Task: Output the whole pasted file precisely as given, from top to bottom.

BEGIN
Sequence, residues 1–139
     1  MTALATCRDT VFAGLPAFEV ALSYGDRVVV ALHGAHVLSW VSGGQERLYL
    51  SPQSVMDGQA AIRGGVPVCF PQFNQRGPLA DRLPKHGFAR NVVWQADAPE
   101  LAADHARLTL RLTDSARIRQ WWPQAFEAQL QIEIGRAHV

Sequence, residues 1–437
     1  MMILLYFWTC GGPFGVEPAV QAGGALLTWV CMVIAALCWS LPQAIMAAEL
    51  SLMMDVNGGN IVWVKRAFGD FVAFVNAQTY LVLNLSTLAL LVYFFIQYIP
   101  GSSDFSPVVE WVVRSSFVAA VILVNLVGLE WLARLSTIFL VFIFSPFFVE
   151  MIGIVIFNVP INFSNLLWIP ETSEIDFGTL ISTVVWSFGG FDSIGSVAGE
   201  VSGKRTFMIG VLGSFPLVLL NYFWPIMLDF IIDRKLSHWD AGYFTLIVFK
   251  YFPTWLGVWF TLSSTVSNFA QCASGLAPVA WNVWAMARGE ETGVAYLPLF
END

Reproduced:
Sequence, residues 1–139
     1  MTALATCRDT VFAGLPAFEV ALSYGDRVVV ALHGAHVLSW VSGGQERLYL
    51  SPQSVMDGQA AIRGGVPVCF PQFNQRGPLA DRLPKHGFAR NVVWQADAPE
   101  LAADHARLTL RLTDSARIRQ WWPQAFEAQL QIEIGRAHV

Sequence, residues 1–437
     1  MMILLYFWTC GGPFGVEPAV QAGGALLTWV CMVIAALCWS LPQAIMAAEL
    51  SLMMDVNGGN IVWVKRAFGD FVAFVNAQTY LVLNLSTLAL LVYFFIQYIP
   101  GSSDFSPVVE WVVRSSFVAA VILVNLVGLE WLARLSTIFL VFIFSPFFVE
   151  MIGIVIFNVP INFSNLLWIP ETSEIDFGTL ISTVVWSFGG FDSIGSVAGE
   201  VSGKRTFMIG VLGSFPLVLL NYFWPIMLDF IIDRKLSHWD AGYFTLIVFK
   251  YFPTWLGVWF TLSSTVSNFA QCASGLAPVA WNVWAMARGE ETGVAYLPLF